In opposition, Plaintiffs first and foremost argue that “it is preposterous to even suggest that probable cause existed” to arrest Lockett in light of Lockett’s claims that he was retaliated against for his claims of racial discrimination. Additionally, Plaintiffs contend that material issues of fact exist regarding whether and to what extent Fletcher was aware of Lockett’s discrimination claims during the events of this case. Specifically, despite the fact that he appeared on the scene in response to Lockett’s 911 call and Ahner’s radio request, Fletcher claims he did not know about and did not investigate Lockett’s discrimination claims, notwithstanding the fact that he communicated with both Lockett and the MP Defendants for over thirty minutes prior to Lockett’s eventual arrest. As such, Plaintiffs argue that this question of fact remains regarding whether Fletcher and the other NOPD Defendants acted with malice in the alleged violations of Lockett’s constitutional rights.

Next, Plaintiffs generally contend that the City Defendants’ motion, insofar as it proceeds under Rule 12(c), should be denied, as their pleadings adequately assert the causes of action at issue. Accordingly, the bulk of Plaintiffs’ opposition addresses the City Defendants’ arguments for summary judgment.

Plaintiffs state that on his arrival at the scene, Fletcher had a duty to investigate Lockett’s complaint and to determine whether probable cause existed for his arrest. Specifically, Plaintiffs point out the testimony of Bieber and Arceneaux that they only intended to warn Lockett, and thus argue that no probable cause existed to support the arrest. Further, Plaintiffs note that when Fletcher arrived, Lockett was already handcuffed, but Fletcher never asked why, and further did not inquire as to whether or how many times Lockett was frisked or whether he had been mirandized. Finally, Plaintiffs contend that Gaines and Clark had no personal knowledge of any conduct by Lockett meriting any law enforcement action, and did not make any personal investigation into the situation. As such, Plaintiffs argue that the NOPD Defendants breached their duty to investigate alleged unconstitutional actions by fellow officers.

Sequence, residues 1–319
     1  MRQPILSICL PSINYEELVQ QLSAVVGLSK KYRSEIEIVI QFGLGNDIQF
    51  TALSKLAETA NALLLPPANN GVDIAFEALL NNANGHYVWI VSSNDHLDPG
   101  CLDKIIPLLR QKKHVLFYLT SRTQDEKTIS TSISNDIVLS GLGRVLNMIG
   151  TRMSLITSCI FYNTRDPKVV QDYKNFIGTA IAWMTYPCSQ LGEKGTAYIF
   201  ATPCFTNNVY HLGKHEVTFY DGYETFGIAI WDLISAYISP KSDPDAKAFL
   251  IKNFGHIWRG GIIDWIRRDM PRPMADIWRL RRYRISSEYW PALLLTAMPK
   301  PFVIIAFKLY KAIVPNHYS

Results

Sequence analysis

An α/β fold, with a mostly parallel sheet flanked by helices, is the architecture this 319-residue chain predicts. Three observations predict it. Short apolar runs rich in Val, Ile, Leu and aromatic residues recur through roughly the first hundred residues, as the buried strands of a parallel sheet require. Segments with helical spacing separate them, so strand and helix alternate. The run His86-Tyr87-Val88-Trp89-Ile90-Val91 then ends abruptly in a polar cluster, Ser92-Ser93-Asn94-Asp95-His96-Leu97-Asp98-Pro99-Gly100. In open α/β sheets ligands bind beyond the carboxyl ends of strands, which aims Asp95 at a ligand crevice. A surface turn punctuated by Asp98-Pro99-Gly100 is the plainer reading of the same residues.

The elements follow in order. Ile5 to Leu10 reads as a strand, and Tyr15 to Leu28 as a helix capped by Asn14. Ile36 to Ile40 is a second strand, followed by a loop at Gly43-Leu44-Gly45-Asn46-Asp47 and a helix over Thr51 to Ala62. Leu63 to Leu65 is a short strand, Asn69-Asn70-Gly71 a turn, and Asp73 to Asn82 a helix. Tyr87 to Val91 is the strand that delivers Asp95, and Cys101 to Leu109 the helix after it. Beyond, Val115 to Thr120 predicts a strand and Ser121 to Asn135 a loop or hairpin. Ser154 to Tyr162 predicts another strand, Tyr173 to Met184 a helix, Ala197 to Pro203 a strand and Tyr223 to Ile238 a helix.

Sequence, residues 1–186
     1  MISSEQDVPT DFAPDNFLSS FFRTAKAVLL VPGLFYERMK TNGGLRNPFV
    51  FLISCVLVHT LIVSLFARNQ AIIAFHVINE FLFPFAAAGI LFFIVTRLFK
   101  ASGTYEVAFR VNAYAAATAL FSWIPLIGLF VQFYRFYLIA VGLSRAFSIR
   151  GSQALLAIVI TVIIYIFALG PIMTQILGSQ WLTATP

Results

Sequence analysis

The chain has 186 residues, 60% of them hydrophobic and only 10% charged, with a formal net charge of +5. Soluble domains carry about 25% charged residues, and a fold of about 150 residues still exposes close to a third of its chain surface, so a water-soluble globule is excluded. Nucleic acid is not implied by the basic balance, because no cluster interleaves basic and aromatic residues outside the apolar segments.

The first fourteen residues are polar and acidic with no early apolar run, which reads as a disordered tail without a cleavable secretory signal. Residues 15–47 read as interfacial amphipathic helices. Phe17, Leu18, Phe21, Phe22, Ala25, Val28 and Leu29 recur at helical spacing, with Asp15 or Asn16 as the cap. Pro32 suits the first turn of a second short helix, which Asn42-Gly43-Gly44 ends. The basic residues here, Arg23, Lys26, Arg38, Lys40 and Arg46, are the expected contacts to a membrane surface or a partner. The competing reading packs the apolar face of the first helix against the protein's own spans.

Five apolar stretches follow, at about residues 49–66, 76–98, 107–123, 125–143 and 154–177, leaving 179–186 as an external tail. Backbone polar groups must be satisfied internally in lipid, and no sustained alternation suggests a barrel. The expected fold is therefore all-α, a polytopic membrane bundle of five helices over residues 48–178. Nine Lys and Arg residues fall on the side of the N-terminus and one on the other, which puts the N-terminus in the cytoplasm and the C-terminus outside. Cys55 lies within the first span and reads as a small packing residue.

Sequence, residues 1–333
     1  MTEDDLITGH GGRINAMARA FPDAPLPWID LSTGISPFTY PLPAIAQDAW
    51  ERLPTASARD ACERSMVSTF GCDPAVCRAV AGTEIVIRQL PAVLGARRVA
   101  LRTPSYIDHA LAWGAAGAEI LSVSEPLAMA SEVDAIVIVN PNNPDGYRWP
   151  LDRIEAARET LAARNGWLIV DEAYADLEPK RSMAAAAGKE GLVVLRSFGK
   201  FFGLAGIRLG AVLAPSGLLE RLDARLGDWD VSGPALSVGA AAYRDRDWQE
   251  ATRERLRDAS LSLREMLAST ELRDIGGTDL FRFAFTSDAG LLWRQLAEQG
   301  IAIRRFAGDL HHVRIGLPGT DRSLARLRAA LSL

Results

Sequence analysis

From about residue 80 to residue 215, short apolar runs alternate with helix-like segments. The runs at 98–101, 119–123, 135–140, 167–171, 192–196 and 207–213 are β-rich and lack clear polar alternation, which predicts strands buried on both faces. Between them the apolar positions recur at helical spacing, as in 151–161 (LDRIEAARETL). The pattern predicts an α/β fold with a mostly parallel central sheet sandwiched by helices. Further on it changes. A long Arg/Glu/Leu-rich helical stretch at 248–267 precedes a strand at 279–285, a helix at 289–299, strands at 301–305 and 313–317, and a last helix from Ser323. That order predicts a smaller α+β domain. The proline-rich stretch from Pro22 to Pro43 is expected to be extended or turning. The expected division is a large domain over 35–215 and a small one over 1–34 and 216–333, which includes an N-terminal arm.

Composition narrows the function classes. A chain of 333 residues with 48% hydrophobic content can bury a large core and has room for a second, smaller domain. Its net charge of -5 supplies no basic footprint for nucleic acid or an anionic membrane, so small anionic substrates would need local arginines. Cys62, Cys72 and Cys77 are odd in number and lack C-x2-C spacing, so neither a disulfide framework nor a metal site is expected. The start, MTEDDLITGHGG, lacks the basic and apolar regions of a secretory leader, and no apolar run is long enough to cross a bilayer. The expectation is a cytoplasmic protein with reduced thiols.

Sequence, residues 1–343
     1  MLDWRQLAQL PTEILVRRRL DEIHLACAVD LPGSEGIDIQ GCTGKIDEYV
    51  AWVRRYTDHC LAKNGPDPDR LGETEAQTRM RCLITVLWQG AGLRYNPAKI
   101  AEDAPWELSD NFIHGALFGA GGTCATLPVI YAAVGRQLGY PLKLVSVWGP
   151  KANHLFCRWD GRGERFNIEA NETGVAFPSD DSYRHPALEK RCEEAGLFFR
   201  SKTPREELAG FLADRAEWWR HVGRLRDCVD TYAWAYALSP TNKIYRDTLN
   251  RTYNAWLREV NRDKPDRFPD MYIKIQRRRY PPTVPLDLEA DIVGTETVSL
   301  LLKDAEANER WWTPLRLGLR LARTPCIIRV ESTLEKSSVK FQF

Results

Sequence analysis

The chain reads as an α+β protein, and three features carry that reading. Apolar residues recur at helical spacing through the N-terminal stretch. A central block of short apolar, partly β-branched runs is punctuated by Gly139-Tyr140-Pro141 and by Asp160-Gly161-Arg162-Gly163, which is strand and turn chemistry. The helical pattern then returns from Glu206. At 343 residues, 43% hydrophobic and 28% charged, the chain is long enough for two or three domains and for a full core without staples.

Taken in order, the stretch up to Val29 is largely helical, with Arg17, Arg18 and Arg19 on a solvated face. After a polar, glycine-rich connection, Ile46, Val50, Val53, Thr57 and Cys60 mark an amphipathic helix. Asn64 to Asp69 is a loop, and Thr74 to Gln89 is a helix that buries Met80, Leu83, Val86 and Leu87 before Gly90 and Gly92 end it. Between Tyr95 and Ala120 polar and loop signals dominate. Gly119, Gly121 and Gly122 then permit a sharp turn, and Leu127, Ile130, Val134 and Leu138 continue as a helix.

With this background, Plaintiffs re-adopt their arguments in opposition to the State Defendants qualified immunity arguments, and further contend that material issues of fact exist regarding the City Defendants entitlement to qualified immunity. In sum, Plaintiffs argue that there is a missing link in the probable cause chain between the initial purpose of the stop - which Bieber and Arceneaux both testified was to issue a warning for careless driving - and the eventual grounds for arrest on charges of reckless driving. Based on this incomplete picture, Plaintiffs argue that there is a question of fact regarding whether Fletcher had probable cause to arrest Lockett. As further evidence of this fact issue, Plaintiffs note that Article 213 of the Louisiana Code of Criminal Procedure requires that officers who have witnessed a misdemeanor effect an immediate arrest. La. Code Crim. Proc. art. 213. Plaintiffs point out that Fletcher arrived on the scene at approximately 9:29 a.m., but Lockett was not actually taken from the scene until 10:11 a.m. Based on this chronology, as well as Fletcher’s admission to Lockett that they were deciding whether to arrest him, Plaintiffs contend that Fletcher lacked probable cause to make an arrest in compliance with Article 213.